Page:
Burning Questions + Answers

Burning Questions.jpeg

Q. As a Corporate/National Accounts person, how can I be more successful in the IDN/GPO contracting world?
A. You are responsible for your own success.  The essence of marketing is to find the way around barriers. Keep opening doors.  Get personal referrals and introductions. Stop making one-off sales calls. Push for strategy and consistency.

Q. In regard to channel friction, is it getting worse? Are GPOs getting adversarial?
A. Consolidation at all levels across our industry is intensifying competition and innovations are more disruptive than ever.  Technology will forever change the nature of all work. All segments are grappling with relevance to varying degrees and that puts people and companies on edge; I would not single out GPOs in particular.

Q. How do suppliers navigate duplicative channels?  (think of Dignity, Ascension, Northwell, etc.) They are shareholders of GPOs, members of RPCs, direct contract, self-distribute AND want suppliers to be low-cost suppliers. Is this tenable?
A. There are dozens of ways I can purchase a ticket on an airline or buy a book.  At the end of the day, your product and/or service has to have a unique and well thought out value proposition.  Hyper-competition is here to stay and companies must be relentless about being competitive. There will always be inefficiencies in less than perfect markets.  That said, there is room for great improvement. Have you studied Medline lately?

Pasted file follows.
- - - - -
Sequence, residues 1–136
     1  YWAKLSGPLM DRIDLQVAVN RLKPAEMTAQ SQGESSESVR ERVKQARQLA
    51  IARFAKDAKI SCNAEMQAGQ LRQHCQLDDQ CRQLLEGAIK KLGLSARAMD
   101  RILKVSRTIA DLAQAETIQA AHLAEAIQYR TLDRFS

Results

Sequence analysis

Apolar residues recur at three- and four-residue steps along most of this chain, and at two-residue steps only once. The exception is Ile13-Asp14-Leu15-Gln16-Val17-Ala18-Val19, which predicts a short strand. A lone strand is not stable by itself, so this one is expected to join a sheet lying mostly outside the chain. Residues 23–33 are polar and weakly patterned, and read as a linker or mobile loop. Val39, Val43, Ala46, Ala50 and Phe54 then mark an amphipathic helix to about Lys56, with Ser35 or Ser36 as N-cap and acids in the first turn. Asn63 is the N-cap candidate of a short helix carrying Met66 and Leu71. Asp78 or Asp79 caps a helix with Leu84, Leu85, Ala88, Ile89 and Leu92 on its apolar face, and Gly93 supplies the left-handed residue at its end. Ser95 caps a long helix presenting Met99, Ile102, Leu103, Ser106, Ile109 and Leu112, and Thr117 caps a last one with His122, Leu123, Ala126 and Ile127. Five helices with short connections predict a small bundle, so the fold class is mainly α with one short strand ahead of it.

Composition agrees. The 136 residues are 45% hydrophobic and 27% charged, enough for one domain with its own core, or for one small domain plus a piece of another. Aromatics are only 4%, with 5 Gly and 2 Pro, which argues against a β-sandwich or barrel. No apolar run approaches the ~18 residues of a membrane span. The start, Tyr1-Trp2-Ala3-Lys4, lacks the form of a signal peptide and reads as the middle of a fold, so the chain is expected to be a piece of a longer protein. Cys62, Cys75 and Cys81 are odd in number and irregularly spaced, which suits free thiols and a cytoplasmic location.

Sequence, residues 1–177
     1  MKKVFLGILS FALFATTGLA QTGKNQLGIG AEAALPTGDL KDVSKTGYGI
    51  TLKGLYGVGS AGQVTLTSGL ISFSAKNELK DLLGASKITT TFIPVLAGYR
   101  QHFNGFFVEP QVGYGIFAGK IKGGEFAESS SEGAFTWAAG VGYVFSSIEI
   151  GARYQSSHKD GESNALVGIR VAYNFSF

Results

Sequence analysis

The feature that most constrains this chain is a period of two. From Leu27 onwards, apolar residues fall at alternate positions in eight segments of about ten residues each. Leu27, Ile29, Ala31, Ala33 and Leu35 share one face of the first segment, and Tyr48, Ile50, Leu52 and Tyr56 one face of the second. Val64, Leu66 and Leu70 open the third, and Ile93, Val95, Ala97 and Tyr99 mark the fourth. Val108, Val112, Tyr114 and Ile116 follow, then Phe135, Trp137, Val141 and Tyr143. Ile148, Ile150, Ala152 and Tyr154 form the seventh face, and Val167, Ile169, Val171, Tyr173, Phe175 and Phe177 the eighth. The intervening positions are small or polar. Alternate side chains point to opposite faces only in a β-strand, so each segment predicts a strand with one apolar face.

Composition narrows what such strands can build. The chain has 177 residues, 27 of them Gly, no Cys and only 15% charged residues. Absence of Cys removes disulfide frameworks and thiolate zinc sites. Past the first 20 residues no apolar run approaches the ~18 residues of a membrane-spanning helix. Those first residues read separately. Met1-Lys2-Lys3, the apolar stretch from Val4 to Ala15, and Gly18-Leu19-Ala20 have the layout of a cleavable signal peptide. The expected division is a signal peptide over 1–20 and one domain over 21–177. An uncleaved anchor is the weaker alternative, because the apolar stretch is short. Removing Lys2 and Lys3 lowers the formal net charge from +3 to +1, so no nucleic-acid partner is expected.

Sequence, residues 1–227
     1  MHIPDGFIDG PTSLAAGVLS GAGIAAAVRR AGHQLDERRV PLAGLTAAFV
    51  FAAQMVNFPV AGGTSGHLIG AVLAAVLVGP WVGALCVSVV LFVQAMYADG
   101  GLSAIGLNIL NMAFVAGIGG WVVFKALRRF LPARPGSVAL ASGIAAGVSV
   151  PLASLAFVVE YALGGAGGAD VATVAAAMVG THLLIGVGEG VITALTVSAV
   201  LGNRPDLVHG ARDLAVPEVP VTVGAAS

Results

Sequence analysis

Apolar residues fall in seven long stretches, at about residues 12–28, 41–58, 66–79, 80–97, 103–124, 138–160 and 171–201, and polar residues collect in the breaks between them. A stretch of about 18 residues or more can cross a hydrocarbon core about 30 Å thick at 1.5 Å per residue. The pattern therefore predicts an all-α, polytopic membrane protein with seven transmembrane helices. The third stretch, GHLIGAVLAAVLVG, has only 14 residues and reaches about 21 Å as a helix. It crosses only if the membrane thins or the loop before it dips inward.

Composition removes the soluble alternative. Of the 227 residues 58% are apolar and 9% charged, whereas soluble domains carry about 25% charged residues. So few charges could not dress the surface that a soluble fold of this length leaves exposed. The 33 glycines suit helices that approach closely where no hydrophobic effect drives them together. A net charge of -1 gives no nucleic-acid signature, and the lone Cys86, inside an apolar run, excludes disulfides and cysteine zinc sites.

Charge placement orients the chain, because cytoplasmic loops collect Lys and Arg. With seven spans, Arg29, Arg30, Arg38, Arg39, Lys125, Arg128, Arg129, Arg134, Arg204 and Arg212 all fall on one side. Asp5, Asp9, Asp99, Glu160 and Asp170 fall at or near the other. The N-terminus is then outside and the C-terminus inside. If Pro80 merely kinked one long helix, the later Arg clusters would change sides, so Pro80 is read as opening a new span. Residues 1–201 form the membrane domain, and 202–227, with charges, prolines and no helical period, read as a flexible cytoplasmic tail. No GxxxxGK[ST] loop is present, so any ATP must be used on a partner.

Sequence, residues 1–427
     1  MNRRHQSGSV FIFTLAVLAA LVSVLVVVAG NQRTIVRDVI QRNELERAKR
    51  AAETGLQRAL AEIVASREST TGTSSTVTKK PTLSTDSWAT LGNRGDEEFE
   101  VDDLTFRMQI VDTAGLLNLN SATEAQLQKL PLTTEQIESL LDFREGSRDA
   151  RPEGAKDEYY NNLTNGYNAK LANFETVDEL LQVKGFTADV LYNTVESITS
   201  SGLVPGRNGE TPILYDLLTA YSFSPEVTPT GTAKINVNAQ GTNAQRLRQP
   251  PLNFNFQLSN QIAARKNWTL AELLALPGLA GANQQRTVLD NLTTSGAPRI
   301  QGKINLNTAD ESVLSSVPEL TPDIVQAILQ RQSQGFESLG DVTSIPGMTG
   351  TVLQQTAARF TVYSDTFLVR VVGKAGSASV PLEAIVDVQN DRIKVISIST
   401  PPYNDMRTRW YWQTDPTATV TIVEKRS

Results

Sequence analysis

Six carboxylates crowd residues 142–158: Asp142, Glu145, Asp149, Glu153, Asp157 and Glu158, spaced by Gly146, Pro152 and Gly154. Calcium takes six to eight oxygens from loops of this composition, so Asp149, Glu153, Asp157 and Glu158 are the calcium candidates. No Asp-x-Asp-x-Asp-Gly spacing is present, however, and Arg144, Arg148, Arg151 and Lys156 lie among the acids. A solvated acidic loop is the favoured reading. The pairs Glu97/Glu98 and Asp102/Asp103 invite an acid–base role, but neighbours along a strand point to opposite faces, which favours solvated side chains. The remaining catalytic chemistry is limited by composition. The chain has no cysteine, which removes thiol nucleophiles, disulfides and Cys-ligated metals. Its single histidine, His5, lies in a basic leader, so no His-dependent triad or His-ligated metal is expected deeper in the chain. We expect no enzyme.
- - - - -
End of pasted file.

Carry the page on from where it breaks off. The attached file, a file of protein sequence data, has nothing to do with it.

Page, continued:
Q. What is the future of contracting? GPOs, IDNs, RPCs? What you see in my crystal ball?
A. Buyers should abrogate contracting for pure commodities to the most efficient vehicle.  Too much time and effort is being spent on redundant activities and VAC processes and meetings.  5000+ hospitals should not be worrying about purchasing and contracting for pure commodity products.

Supplier and provider consolidation will make big winners and big losers…as a supplier, you cannot afford to be outside looking in.  Providers will struggle with consolidation as market and technology move care to alternate locations. Additionally, some systems will become dis-economic and struggle with large overhead costs.

Tax status of not-for-profits will continue to be under close scrutiny from local, state and national taxing authorities.